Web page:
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Re: Meigs

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  • caztanzo
    ... But, who made the corrections? My understanding is that Meigs responded to some complaints from Sherman. As the above indicates, this was an unofficial
    Message 1 of 50 , Aug 4, 2003
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      --- In civilwarwest@yahoogroups.com, "josepharose" <josepharose@y...>
      wrote:

      > It seems that I was correctly remembering, after all, about the
      > corrections to Meigs' dispatch. The Library of Congress catalog
      > lists:
      >
      > "Three days' battle of Chattanooga, 23d, 24th, 25th November, 1864
      > [!] An unofficial dispatch from General Meigs to the Hon. E.M.
      > Stanton, secretary of war. Now first correctly printed," dated 1864.

      But, who made the corrections? My understanding is that Meigs
      responded to some complaints from Sherman.

      As the above indicates, this was an "unofficial" dispatch. Meigs
      added information in his private journal. You've offered an
      interpretation that I find unconvincing, in part because your answer
      really doesn't admit of a difference of opinion. Unless you have any
      further evidence that Meigs distrusted Grant or questioned his
      veracity (there are two biographies available), I think this has run
      its course, as several experts in the field have offered
      interpretations that differ from yours. At best, it's an open
      question.
    • caztanzo
      ... But, who made the corrections? My understanding is that Meigs responded to some complaints from Sherman. As the above indicates, this was an unofficial
      Message 50 of 50 , Aug 4, 2003
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        --- In civilwarwest@yahoogroups.com, "josepharose" <josepharose@y...>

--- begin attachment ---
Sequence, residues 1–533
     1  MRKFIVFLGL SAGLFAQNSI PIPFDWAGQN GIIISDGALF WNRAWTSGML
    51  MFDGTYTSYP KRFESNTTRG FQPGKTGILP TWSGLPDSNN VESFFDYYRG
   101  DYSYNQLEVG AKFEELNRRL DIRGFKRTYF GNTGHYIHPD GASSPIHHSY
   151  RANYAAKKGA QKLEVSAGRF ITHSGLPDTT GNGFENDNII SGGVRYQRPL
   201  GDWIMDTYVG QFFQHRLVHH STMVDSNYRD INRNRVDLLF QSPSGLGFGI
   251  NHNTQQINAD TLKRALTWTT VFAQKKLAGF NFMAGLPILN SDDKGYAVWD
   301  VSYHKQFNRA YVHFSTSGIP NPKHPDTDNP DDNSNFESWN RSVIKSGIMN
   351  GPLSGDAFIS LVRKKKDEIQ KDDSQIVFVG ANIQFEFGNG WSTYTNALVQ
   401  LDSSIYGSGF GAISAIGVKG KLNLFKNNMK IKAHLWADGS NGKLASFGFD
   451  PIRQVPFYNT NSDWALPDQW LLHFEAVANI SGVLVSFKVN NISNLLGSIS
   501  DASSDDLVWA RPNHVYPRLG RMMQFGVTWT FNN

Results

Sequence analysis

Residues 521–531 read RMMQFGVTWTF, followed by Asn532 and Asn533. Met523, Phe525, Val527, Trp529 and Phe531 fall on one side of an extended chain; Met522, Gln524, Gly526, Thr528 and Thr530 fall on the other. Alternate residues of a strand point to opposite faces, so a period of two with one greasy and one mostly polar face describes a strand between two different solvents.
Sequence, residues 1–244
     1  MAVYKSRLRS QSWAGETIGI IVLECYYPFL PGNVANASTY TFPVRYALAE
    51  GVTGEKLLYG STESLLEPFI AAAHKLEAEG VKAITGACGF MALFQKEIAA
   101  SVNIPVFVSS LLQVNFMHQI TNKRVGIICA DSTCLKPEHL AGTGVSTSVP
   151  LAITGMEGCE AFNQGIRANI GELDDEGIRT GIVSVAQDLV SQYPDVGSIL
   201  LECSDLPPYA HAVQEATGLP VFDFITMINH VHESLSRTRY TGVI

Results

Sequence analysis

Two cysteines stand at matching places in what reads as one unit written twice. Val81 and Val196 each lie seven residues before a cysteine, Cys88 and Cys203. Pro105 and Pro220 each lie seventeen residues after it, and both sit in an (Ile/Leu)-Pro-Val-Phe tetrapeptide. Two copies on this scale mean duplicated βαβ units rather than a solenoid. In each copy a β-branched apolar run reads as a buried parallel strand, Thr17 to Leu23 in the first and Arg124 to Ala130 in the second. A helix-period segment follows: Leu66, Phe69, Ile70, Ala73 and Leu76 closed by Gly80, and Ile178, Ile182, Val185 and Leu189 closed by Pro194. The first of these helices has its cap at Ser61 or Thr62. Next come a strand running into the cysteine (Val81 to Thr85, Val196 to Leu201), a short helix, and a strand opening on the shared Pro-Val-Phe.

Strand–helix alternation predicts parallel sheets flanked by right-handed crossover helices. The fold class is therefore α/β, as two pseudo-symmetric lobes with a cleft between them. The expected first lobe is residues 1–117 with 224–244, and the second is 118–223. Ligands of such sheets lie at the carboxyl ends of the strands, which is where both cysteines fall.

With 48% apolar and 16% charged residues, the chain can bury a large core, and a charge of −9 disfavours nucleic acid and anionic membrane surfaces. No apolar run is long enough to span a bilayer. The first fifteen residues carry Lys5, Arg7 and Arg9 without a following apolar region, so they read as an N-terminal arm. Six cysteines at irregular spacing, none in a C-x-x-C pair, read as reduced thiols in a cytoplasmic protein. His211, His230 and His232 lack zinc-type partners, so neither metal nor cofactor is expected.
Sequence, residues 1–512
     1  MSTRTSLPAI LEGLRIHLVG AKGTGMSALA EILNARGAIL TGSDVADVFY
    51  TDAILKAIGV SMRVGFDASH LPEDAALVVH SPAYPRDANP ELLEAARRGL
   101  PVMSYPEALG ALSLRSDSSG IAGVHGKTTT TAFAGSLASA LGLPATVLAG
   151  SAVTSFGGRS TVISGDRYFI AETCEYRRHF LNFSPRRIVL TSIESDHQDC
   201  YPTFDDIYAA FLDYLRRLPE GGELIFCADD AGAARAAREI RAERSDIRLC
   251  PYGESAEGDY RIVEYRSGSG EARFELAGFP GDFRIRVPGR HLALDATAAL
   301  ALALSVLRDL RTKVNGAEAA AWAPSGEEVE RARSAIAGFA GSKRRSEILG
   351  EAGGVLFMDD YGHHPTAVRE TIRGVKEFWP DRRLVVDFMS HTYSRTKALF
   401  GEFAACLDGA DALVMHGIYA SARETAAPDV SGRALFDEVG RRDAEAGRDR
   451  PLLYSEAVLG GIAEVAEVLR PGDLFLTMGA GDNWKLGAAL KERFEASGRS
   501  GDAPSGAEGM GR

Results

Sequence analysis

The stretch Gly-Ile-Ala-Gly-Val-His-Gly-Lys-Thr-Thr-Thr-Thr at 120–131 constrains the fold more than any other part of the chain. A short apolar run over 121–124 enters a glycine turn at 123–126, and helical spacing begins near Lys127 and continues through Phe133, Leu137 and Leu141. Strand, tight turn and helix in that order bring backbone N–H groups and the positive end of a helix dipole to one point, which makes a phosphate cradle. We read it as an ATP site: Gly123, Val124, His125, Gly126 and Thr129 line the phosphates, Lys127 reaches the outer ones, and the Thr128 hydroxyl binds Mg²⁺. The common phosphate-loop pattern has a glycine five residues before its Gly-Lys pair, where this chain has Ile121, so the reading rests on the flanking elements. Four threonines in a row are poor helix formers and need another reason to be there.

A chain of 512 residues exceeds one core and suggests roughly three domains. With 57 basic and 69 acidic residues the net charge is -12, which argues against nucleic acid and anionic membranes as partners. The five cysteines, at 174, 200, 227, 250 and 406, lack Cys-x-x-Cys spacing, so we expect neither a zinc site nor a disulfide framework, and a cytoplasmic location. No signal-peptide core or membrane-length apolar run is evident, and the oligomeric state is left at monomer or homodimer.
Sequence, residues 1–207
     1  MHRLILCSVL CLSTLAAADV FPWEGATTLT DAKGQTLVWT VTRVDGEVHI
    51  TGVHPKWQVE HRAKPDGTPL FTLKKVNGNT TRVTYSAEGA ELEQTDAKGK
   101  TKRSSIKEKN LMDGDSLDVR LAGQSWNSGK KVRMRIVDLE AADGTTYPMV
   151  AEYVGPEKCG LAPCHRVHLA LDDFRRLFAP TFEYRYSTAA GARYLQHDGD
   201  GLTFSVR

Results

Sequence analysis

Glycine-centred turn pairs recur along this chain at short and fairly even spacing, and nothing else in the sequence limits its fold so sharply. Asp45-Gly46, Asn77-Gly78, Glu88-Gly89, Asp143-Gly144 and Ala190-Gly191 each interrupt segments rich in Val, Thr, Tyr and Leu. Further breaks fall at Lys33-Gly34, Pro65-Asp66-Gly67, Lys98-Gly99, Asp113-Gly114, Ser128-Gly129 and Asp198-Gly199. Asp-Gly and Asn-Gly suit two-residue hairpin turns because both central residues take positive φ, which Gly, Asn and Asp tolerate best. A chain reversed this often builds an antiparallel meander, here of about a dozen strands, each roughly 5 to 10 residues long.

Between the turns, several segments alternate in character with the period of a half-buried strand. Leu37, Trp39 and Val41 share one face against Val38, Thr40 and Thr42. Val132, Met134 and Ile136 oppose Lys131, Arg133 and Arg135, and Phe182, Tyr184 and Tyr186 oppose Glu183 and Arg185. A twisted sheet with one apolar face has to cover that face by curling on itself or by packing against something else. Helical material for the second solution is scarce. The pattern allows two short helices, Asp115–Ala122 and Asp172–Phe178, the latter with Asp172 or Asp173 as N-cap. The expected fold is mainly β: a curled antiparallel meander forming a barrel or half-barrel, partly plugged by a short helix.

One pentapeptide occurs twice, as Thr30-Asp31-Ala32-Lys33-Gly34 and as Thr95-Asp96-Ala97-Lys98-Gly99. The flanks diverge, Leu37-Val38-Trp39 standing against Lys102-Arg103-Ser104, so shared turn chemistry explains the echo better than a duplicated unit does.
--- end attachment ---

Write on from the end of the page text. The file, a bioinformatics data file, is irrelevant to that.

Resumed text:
wrote:

        > It seems that I was correctly remembering, after all, about the
        > corrections to Meigs' dispatch. The Library of Congress catalog
        > lists:
        >
        > "Three days' battle of Chattanooga, 23d, 24th, 25th November, 1864
        > [!] An unofficial dispatch from General Meigs to the Hon. E.M.
        > Stanton, secretary of war. Now first correctly printed," dated 1864.

        But, who made the corrections? My understanding is that Meigs
        responded to some complaints from Sherman.

        As the above indicates, this was an "unofficial" dispatch. Meigs
        added information in his private journal. You've offered an
        interpretation that I find unconvincing, in part because your answer
        really doesn't admit of a difference of opinion. Unless you have any
        further evidence that Meigs distrusted Grant or questioned his
        veracity (there are two biographies available), I think this has run
        its course, as several experts in the field have offered
        interpretations that differ from yours. At best, it's an open
        question.
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